- Brickerville Fire Company honors Wilbur May for 68 years of service
- Chocolate Walk tickets on sale now
- Manheim receives three Townie Awards
- Lititz Independence Day: Schedule of Events
- ‘The Odd Couple’ turns 50
- Penn Township, Pleasant View partner for community day
- Witmer earns valedictorian title for Manheim Central’s class of 2015
- Passenger pigeons once flocked to Lititz
- Manheim Central will graduate 235
- Festival of the Red Rose
Senior-laden Warriors look to contend
By: BRUCE MORGAN Record Express Sports Editor, Staff Writer
If the Warwick boys basketball team proved anything last winter, it was that they had a knack for pulling out some thrilling finishes.
Take, for example, the Warriors’ 44-41 win over Solanco when K’shawn Mickens hit a half-court 3-pointer at the horn.
They also earned a last-second triple OT win over Cedar Crest, and buzzer-beating victories against rivals Hempfield and Manheim Twp.
"There’s a lot of confidence because we won a lot of close games last year," said Warriors’ sixth-year boss Jeff Landis (54-65 overall).
By the same token, the 2012-13 Warwick boys’ squad should be well aware that they can take nothing for granted as they prepare for a new season. With seven seniors on the roster who have been battle-tested in Section One dogfights, they have a wealth of experience.
It is Landis’ job to figure out how the pieces will fit together.
"The toughest thing will be having everyone buy in," Landis said. "When you have seven seniors, with only five people on the court at a time, and Jake (Shillady) and Austin (Myers) have done a lot to show that they can help us as juniors, so they’ve got to buy in and they’ve just got to work as hard as they can when they’re in the game … I talked to them (Saturday) about the fact that one of the biggest things for us is we’ve got to be each other’s biggest fans. We’ve got to be pulling for each other and that’s hard when you have all seniors. They all want to be out there and they should. But for us to get to where we want to get, that’s the way it’s going to have to be."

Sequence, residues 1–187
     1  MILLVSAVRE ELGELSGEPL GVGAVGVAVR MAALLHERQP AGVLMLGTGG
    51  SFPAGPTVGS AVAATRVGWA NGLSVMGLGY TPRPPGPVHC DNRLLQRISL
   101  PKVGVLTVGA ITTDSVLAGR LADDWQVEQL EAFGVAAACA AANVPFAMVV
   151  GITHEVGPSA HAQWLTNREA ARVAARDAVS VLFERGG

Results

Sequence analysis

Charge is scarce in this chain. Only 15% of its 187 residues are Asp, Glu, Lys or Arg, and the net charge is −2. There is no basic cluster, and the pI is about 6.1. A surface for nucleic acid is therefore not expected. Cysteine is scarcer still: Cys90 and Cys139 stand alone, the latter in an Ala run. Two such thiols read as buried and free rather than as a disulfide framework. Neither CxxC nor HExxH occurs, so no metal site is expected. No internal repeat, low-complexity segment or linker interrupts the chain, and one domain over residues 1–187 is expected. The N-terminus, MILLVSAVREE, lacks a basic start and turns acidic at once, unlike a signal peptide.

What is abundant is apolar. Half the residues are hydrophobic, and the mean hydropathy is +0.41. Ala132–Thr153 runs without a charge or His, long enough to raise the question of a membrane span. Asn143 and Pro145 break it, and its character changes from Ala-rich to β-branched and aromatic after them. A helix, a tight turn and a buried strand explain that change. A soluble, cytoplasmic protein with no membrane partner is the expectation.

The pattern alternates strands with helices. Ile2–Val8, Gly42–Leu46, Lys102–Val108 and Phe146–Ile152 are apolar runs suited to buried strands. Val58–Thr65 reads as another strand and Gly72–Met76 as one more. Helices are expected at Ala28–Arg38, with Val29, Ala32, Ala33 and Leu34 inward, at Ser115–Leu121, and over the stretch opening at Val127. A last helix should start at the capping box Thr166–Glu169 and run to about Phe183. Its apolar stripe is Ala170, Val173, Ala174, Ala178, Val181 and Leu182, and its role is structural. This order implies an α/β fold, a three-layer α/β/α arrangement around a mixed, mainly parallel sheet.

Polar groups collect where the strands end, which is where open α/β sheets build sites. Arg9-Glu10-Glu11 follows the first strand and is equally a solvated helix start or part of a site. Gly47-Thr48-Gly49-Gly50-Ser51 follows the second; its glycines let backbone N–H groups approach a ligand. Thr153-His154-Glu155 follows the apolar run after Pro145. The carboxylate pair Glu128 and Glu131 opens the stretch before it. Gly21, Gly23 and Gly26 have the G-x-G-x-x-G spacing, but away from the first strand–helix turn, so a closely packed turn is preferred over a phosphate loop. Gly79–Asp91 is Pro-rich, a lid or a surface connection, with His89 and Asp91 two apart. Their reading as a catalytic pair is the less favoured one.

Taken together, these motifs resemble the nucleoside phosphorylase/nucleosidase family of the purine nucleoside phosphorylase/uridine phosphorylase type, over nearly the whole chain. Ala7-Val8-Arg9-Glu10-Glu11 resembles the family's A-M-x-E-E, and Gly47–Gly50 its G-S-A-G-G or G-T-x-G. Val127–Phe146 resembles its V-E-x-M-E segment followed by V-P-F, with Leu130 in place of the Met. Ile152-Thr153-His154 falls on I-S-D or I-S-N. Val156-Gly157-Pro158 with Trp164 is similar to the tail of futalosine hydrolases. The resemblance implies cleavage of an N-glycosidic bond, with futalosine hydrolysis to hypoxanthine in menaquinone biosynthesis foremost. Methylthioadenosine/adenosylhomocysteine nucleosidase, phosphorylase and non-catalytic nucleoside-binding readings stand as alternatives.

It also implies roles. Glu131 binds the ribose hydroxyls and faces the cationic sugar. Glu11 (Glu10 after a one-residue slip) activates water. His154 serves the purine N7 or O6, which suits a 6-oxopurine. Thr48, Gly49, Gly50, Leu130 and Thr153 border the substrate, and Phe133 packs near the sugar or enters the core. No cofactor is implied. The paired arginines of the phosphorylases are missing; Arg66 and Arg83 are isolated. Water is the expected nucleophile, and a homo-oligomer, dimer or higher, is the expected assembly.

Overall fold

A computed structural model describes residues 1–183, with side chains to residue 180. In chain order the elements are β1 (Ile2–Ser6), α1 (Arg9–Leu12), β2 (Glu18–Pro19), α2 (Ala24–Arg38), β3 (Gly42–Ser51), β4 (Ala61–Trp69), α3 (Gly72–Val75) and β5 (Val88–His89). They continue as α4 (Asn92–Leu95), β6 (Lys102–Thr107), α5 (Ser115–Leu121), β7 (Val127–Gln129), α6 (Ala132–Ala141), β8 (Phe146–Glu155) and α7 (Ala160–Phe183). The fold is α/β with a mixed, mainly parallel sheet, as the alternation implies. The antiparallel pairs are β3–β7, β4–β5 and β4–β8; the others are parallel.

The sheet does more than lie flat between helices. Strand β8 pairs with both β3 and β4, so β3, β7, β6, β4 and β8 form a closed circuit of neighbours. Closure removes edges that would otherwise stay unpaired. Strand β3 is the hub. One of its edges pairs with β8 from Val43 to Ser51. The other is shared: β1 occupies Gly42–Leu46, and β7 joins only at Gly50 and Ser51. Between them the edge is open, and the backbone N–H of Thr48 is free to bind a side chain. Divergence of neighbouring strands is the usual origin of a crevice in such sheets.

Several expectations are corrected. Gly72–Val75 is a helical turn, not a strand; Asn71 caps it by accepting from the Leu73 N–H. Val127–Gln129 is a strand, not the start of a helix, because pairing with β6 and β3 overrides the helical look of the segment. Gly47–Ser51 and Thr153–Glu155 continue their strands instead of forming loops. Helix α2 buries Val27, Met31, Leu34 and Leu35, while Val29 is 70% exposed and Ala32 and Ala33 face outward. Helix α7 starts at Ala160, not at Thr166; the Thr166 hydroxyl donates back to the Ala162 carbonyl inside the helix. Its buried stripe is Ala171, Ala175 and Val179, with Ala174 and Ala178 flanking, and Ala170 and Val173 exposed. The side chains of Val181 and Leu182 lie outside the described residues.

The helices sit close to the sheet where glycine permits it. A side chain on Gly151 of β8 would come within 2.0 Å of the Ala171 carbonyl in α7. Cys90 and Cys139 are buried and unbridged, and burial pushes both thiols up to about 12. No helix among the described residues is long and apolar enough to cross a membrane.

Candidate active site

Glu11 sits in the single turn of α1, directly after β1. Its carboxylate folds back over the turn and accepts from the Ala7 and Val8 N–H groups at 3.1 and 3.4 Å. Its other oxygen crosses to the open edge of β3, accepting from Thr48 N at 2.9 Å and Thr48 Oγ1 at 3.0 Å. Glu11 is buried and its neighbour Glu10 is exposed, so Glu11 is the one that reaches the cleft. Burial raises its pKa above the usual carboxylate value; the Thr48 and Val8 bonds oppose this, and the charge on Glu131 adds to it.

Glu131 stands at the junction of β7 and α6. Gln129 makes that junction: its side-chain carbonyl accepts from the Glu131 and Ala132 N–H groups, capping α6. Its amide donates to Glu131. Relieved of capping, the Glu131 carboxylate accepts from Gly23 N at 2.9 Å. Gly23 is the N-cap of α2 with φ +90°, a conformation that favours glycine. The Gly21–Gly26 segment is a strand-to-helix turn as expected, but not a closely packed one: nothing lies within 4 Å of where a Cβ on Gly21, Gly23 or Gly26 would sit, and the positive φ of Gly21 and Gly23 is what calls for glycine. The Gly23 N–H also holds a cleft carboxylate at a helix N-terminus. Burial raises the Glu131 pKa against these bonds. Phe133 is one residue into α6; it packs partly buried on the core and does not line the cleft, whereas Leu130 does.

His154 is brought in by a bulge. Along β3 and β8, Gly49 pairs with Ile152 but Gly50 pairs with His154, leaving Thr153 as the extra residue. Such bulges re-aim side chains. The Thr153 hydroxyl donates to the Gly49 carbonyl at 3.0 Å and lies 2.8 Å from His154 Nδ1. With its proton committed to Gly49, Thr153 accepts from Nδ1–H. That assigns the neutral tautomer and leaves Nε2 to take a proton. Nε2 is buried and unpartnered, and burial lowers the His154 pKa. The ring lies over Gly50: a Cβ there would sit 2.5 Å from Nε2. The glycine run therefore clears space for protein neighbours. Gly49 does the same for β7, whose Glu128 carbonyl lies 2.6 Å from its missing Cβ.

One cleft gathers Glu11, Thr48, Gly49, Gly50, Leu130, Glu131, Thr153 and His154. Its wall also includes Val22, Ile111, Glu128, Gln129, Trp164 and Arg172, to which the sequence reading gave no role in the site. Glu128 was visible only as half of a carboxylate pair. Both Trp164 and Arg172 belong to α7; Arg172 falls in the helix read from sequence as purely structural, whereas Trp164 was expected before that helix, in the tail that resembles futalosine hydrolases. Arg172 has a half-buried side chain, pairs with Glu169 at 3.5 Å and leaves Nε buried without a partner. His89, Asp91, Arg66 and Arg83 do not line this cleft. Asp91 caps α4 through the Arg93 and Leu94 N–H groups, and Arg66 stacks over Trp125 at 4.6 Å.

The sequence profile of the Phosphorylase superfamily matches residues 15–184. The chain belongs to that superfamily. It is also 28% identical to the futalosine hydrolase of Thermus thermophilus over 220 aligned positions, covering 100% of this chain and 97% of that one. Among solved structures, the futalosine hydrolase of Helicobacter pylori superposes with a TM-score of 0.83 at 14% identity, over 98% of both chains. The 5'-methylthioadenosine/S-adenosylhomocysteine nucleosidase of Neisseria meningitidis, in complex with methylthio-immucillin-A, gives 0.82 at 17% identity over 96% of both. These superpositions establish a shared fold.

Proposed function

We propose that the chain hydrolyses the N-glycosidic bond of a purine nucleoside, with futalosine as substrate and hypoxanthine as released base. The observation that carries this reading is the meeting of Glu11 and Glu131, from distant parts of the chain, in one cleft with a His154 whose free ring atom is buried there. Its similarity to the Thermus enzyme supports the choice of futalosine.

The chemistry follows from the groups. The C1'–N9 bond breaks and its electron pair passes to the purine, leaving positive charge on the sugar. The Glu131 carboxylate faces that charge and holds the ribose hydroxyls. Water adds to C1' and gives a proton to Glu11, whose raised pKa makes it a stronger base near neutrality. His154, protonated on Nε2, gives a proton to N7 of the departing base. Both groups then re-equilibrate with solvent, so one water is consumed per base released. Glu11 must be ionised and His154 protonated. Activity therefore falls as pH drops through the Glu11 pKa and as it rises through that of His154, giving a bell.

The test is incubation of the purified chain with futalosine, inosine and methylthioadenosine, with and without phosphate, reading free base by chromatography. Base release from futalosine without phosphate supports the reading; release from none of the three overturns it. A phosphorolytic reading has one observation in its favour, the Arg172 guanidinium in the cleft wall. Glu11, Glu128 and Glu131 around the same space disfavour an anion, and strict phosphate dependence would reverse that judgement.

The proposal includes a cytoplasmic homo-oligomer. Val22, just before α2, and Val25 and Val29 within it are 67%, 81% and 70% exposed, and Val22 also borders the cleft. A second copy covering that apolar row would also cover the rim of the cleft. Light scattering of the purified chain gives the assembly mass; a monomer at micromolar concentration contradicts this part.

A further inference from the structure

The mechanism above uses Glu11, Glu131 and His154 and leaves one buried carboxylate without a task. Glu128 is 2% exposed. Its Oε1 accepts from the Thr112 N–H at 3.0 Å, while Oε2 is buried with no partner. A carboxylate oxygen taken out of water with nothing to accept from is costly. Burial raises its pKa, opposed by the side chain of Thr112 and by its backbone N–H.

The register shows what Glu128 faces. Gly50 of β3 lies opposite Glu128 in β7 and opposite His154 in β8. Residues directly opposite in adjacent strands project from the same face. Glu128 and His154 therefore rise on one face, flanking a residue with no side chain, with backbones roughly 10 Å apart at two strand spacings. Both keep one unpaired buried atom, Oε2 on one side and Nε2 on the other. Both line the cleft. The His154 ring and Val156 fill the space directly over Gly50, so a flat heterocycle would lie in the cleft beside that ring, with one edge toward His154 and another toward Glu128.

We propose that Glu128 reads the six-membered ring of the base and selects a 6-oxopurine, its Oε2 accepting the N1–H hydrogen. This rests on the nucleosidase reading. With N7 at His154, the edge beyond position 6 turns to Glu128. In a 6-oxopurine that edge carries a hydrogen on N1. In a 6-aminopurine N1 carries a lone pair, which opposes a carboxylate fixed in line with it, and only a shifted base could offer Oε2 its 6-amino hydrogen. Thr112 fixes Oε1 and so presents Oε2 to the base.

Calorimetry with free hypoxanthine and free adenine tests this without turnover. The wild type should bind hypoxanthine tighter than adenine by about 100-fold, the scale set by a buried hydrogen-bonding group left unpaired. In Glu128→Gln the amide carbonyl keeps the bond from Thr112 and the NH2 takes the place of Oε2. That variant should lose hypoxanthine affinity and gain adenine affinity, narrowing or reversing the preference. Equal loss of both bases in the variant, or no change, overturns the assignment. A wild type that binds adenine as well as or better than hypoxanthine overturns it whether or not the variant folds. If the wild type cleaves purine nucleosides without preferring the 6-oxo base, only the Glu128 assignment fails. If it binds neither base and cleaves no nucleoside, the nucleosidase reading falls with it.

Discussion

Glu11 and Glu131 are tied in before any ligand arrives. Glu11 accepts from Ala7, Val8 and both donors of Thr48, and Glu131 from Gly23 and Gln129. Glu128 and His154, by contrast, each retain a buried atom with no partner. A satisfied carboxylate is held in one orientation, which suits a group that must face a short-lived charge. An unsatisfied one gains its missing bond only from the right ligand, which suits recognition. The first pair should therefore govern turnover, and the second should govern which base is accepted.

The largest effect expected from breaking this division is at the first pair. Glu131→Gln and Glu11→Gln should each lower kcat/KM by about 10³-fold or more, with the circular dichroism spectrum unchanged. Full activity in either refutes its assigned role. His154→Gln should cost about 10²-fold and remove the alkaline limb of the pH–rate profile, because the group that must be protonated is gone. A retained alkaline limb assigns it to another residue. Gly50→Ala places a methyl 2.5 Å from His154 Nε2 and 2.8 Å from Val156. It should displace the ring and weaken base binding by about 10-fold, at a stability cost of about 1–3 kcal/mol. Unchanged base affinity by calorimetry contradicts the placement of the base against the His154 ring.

Where the Warriors want to get is the post-season. One year ago, they finished the season with an 11-12 record after suffering a 60-46 loss to C.D. East in a District Three Quad-A preliminary-round playoff game.
Graduation losses took their leading scorer Derrick Shields (14.7 ppg, 14 treys) and Jared Grosh. But Landis likes the mental makeup of his returning players, and their defense appears to be an area of strength, all of which Warwick is hoping will lead them on a deeper run in the playoffs this spring.